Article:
The Eye of Sauron: How NOT to Create a Management Culture

Management culture has a huge impact on the success of an organization. Management culture affects morale, productivity, profitability, and informs prospective employees’ opinions of a company even before they consider applying there. Simply put, management culture matters. And every company has a culture whether they are thinking about it or not. Whatever leadership behaviors are valued and encouraged in your organization, that is your management culture.

Toxic culture has just as great an effect on an organization as positive culture. A recent article from The Verge about game studio Telltale Games highlights toxic culture and its consequences. In that article, former Telltale employees drew the connection between toxic management and high rates of turnover:
“Many left — or say others left — because of their frustration or boredom with the company’s unwillingness to innovate, exhaustion at the constant crunch cycle, and [the CEO’s] tendency to cut people down, change objectives on a whim, proclivity to hog credit, or make them feel as though the company had no faith in them.”

Even if you’re not yet convinced that positive management culture boosts profits, the high cost of unplanned turnover due to toxic culture is impossible to deny.

The disconnect between management goals and employee experience at Telltale was obvious. One memorable quote from a former employee compared the studio’s former CEO to Sauron, the villain from Lord of the Rings: “Inevitably, the Eye of Sauron looks at you, and that beam of light just blows everything up and makes it a hellscape where you don’t believe in a thing you’re building anymore.”

On the one hand, this scenario sounds extremely demoralizing: nobody wants to work for someone who inspires fear. But on the other hand, don’t employees today want greater attention from their bosses? Is this attitude actually the result of “entitled” employees who only want to do things their way, without being held accountable by someone in a position of authority? Not exactly.

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How NOT to Create a Management Culture

I have a motto when it comes to performance management: Management should be good news! Employees shouldn’t dread the moment their boss comes to speak with them about their work. Quite the opposite. Employees should view management conversations as positive, ongoing, coaching-style dialogues that help them achieve success. Managers should be course-correcting, offering feedback, assisting in project planning, and providing employees with the resources needed to do their best work every step of the way. These are the fundamentals of management. In other words, if the boss’ attention feels like the Eye of Sauron, there is a problem. It’s usually pretty easy to tell whether the problem is with the employee or the manager.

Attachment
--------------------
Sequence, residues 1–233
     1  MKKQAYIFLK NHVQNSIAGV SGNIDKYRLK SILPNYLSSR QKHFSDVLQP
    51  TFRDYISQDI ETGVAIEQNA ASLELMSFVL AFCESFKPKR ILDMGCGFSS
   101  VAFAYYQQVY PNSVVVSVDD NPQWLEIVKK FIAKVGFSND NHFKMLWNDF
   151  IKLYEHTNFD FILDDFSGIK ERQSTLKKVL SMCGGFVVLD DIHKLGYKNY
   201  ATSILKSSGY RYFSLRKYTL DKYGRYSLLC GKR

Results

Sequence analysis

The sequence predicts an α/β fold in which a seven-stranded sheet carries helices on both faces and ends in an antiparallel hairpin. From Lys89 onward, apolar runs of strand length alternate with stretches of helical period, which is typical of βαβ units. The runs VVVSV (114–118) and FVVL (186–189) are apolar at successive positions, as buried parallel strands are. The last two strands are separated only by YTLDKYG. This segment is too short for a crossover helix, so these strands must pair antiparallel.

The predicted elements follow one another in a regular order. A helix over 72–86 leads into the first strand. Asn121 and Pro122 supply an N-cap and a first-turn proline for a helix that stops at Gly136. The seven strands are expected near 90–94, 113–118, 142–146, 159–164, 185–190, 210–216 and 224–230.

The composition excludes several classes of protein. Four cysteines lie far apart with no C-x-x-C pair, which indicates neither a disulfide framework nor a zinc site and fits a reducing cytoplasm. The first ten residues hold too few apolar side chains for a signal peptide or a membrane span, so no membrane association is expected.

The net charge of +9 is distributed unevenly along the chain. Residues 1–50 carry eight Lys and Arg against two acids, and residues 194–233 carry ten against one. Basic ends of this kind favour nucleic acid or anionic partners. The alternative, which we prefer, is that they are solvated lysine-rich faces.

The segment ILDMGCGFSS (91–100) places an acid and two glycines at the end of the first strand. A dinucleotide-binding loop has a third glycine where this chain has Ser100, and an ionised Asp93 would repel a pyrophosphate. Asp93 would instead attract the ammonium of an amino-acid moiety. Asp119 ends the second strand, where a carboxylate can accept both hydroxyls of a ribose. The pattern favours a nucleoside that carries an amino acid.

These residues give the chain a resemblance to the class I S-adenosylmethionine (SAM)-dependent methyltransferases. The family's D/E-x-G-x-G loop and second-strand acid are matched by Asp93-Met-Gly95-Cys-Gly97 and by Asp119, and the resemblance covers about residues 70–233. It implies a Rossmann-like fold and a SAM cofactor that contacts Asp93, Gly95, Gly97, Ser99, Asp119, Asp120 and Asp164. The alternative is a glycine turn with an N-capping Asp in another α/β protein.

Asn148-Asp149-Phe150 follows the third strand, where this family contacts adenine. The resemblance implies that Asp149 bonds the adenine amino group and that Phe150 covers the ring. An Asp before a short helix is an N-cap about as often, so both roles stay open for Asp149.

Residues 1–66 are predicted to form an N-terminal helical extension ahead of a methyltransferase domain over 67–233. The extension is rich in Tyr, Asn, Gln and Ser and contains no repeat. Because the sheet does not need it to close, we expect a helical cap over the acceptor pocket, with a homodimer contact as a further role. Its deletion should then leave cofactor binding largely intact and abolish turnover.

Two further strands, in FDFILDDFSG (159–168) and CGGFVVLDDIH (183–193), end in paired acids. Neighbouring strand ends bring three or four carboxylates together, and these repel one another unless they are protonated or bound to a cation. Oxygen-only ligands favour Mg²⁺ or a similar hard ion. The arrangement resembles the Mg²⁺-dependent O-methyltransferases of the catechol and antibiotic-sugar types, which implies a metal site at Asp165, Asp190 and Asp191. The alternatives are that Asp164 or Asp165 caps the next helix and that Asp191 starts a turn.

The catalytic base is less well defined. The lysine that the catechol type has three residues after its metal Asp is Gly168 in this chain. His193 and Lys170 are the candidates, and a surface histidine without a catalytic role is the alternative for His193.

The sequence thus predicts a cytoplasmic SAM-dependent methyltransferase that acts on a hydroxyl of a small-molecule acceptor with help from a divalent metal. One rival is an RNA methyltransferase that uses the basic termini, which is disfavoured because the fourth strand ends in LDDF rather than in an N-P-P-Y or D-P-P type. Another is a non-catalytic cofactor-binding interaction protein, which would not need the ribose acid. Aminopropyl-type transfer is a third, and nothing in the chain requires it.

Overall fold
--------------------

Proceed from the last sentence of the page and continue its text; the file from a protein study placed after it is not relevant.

Whenever managers shine what I call the “bright light of scrutiny” on their direct reports, two things usually occur. High- and mid-level performers start to improve, and low-level performers start to squirm. In today’s work environment of constant, ongoing feedback, it is usually the low performers who would prefer to be left alone. When their performance is under the spotlight, low performers would rather avoid the pressure altogether. Many even “fire” themselves and leave on their own.

But if a manager is claiming to shine the “bright light of scrutiny,” and turnover among superstar talent starts to skyrocket while low performers continue to collect a paycheck, then that’s a likely indicator that the management is toxic. So, what’s the differentiating factor?


Accountability Is a Two-Way Street

Employees today will start thinking about leaving as soon as they suspect that they will not be able to get their needs met at work. This isn’t just about pay or benefits. If someone suspects that their boss doesn’t know, or care, about what they need to get their best work done, they’re probably not going to stick around. The moment someone concludes their boss will not work to help them succeed, they will be halfway out the door.

At the very least, employees need to know that they’re supported by a positive management culture. Employees need to know that their boss isn’t just monitoring them closely for purposes of evaluating performance. They need to know that this is so problems can be solved before spiraling of control, so course-correction can happen earlier in the creative process, and so good employee performance can be sufficiently rewarded. If you are going to hold employees accountable for their performance, then managers must be prepared to be held accountable for their end of the bargain. Managers must set people up for success, and take responsibility when they place undue or unexpected demands on employees. Accountability is a two-way street.

Have you ever had a manager who was like the Eye of Sauron? What about a manager who shined the bright light of scrutiny on your work, and it made your work that much better?

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